My father was extremely passionate about theatre. He had shifted from a village in Andhra to Bhopal for work, but nothing could dampen his spirit for the art. After work hours you would always find him doing Telugu and Hindi plays – that too in the heart of MP! And it was in these very plays that I started working as a child actor. Every year, almost like a ritual, we would visit an annual theatre festival in Hyderabad where we would stay in tents, perform a piece and watch quite a few performances from around the country.
That love and experience for the arts I gained as a child was something I carried forward into my school and college years. In 12th grade, like every other family, my parents wanted me to do further studies. I knew I was good at arts, so I decided I would do something in that field. That’s how I ended up in MICA for my post graduate degree in branding and communication. My time there completely turned my life around for the better.
In college we juniors had to put up an entertainment show for our seniors. I gathered a few of my classmates and did a small parody sketch. While watching the other performances, I saw a piece on Monty Python by this other boy in my batch, Karthik Kumar. That same night, on some corridor of our hostel, we bumped into each other and appreciated each other’s work. It was an instant connection. MICA had a theatre society called ‘Sankalp’ that was on an indefinite hiatus, until our batch came in and pushed for it to be revived. The seniors finally relented. That gave us an opportunity to apply for the director’s position. Karthik and I were the only two people who applied as a duo and we got the job, as our collective experience in the field was formidable. We decided to do a play by Mahesh Dattani. We had our cast set and rehearsals had started, when out of the blue, we get news that IIM Ahmedabad is staging the same play just a week before us. We decided to shelve the play and that is when ‘Evam Indrajit’ came alive as our first production.
The entire unit felt that the show shouldn’t be confined to our campus, so the hunt to find a theatre to perform in started. On finding a theatre we realised we needed money to pay the hire charges. So the hunt for sponsors began. Overnight, from being a drama society, we became a fully functional work unit. We had people standing outside ATM’s physically selling tickets, we had people solely looking for sponsors, and we were marketing the production on our own. The team pulled it off. What they also unknowingly did is seed in an idea for years to come.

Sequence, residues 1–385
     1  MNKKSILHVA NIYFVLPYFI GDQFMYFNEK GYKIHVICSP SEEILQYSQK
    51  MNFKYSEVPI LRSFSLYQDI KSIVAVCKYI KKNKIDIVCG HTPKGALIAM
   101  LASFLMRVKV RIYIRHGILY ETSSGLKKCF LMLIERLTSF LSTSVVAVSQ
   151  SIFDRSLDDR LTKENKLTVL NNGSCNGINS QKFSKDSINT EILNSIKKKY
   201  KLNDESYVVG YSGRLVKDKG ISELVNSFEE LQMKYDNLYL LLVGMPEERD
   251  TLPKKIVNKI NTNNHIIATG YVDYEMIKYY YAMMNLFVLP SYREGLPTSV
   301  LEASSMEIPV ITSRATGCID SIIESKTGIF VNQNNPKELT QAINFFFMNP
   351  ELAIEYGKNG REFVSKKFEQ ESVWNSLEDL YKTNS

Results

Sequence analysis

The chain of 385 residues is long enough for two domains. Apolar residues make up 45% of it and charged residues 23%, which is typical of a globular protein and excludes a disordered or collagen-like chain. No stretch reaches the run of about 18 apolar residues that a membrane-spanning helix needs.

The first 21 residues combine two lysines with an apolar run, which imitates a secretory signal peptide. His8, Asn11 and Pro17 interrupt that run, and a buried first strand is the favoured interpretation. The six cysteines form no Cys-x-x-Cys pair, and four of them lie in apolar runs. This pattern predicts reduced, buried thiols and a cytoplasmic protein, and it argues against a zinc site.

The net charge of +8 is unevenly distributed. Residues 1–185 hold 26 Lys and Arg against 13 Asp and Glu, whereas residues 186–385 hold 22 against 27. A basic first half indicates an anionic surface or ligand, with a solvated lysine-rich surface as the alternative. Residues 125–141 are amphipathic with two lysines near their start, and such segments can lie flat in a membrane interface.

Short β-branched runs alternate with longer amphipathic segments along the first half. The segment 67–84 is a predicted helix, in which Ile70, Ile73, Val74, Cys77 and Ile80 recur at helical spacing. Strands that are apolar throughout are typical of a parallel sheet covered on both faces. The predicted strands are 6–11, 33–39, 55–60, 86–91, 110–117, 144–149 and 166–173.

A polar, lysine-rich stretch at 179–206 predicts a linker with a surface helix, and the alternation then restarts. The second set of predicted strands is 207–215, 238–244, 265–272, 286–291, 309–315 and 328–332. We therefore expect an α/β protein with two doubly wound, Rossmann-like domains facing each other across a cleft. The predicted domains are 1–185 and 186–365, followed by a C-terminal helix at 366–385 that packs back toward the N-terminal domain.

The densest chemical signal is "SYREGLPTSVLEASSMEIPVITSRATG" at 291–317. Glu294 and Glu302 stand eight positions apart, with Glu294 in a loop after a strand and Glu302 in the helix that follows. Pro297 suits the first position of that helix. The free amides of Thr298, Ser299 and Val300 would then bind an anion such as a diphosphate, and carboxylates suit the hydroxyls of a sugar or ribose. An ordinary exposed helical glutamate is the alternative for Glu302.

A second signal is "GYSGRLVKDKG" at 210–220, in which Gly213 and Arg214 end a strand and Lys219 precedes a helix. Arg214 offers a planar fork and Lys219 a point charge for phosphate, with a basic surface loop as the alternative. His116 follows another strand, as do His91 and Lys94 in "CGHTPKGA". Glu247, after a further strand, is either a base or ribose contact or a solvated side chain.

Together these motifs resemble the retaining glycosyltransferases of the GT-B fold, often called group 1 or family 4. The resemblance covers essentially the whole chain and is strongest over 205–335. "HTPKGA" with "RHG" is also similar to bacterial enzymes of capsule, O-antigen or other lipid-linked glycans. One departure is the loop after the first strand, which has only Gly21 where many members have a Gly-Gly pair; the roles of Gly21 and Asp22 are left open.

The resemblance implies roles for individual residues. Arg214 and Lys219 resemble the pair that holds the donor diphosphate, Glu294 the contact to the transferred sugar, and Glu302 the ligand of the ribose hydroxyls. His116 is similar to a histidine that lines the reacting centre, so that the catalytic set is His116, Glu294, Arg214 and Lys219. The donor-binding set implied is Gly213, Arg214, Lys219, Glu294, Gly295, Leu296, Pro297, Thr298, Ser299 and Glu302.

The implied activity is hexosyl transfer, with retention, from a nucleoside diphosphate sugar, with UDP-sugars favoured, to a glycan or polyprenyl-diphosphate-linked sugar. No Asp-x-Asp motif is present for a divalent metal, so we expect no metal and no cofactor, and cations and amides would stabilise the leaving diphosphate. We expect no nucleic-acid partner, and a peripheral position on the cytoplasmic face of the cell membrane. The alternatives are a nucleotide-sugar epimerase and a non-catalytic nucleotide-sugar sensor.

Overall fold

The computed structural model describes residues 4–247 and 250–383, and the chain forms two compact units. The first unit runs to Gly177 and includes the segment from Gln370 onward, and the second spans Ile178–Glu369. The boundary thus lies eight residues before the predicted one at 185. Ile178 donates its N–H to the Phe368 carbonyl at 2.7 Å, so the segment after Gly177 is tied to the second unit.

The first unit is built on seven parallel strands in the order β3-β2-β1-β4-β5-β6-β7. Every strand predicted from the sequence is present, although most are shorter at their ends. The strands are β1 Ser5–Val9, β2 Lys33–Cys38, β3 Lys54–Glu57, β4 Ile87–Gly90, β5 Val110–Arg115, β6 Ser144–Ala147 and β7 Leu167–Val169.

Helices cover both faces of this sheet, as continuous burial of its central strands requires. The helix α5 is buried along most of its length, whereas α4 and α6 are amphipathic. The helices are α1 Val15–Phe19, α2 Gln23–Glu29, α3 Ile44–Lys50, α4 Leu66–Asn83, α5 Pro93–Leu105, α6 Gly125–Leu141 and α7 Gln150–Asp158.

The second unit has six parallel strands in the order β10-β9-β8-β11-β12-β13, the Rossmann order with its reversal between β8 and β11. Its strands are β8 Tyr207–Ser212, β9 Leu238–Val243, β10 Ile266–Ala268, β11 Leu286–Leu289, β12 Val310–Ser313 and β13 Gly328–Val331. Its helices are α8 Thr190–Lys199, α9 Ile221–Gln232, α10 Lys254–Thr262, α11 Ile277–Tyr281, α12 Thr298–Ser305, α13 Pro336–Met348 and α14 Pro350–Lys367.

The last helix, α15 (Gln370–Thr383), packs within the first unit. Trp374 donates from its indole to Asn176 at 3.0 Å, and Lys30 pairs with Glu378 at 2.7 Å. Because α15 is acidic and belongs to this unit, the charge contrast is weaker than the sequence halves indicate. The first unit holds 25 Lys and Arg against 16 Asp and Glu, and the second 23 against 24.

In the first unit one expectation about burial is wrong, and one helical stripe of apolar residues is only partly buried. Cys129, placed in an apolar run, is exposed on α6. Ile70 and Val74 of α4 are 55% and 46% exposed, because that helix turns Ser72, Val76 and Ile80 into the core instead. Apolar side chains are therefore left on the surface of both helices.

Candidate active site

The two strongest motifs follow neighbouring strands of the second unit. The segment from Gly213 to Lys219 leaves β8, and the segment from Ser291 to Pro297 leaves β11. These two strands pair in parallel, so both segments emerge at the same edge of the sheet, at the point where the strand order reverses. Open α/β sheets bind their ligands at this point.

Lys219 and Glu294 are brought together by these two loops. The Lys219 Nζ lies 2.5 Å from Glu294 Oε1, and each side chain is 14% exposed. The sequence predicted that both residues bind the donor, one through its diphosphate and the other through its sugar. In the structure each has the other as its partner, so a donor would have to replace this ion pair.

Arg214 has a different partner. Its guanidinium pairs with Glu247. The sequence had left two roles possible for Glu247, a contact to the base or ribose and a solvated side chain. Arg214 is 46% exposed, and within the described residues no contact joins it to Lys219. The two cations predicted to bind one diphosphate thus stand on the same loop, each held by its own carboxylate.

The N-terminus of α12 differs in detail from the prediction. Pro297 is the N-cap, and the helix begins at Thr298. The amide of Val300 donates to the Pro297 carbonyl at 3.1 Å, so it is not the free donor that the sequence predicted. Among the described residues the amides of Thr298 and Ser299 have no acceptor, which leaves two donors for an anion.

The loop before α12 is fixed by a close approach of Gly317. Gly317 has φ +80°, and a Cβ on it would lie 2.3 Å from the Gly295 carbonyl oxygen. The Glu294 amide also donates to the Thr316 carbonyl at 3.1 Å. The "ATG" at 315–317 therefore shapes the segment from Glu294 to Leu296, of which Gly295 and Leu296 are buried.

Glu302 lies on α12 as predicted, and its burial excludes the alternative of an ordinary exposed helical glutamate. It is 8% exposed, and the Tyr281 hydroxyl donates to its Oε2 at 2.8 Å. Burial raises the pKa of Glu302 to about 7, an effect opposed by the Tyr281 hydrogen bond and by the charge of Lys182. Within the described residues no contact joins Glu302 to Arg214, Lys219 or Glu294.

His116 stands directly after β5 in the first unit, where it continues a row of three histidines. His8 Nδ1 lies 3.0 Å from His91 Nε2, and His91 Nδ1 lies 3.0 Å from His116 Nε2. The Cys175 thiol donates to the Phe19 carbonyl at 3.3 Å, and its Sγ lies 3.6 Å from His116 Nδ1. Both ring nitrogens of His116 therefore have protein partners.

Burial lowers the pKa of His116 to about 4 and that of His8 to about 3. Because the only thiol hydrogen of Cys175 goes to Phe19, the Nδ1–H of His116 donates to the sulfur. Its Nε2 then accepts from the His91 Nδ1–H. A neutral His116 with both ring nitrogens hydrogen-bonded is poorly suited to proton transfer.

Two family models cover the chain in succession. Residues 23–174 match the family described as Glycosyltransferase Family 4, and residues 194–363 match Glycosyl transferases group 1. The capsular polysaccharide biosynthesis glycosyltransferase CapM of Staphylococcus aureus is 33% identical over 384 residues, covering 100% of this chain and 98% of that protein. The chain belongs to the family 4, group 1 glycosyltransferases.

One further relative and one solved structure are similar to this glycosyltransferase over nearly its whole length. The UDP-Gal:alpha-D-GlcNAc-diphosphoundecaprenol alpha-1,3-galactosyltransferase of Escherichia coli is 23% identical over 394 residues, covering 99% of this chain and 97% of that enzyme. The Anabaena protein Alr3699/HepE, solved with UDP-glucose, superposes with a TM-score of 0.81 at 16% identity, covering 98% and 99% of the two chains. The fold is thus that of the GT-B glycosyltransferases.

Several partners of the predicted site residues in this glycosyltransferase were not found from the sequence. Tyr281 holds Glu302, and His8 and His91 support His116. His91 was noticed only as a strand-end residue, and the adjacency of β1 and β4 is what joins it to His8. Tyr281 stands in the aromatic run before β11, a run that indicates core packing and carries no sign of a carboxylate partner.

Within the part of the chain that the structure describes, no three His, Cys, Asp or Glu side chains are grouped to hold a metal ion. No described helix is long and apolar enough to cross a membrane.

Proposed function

A first in MICA, Karthik and I did a joint thesis on a business model with theatre being the core idea. We convinced our dean to allow us to do it together as we knew it wasn’t going to just stay in the college library. This was going to be the real deal. Again, back then we didn’t have easy access to information. So both of us travelled to gather intel and sound off our ideas with others in the theatre circuit. The reviews we got were on the fence – rarely did anyone talk about theatre and good money in the same sentence! But we were undeterred. Both of us worked for two years to generate capital, got back in 2003 and started our company – Evam.
Today Evam is a successful and ever-growing venture. A vision come true. It wasn’t an easy journey. Not by any means! We’ve had our ups and downs, even to a point where we have debated whether to shut shop or not. But the power of the theatre and our fierce belief in what we do were so strong. We made it through. We knew this was the only job where every morning we would wake up looking forward to work. It had to come through. We started applying the art of theatre to other work avenues. We took up corporate shows and workshops. One of our biggest branches right now – stand-up comedy – came from a production where we had collaborated with actors on a set of monologues. Someone from the audience happened to say “If you had just strung the funny monologues together, this would have been a great stand-up show’ and that was it.
Evam became a platform where artists would meet at one such workshop or show and then connect afterwards to create collaborative work of their own. The feeling of enabling a community of artists is irreplaceable and is the fuel that pushes us every day. In the lockdown itself, we’ve done so many successful workshops that have brought people one step to closer to the theatre. Truly, there is nothing more exciting than working on what you love and Karthik and I knew this, right from the get go. All that we needed was to go reach for it and we did.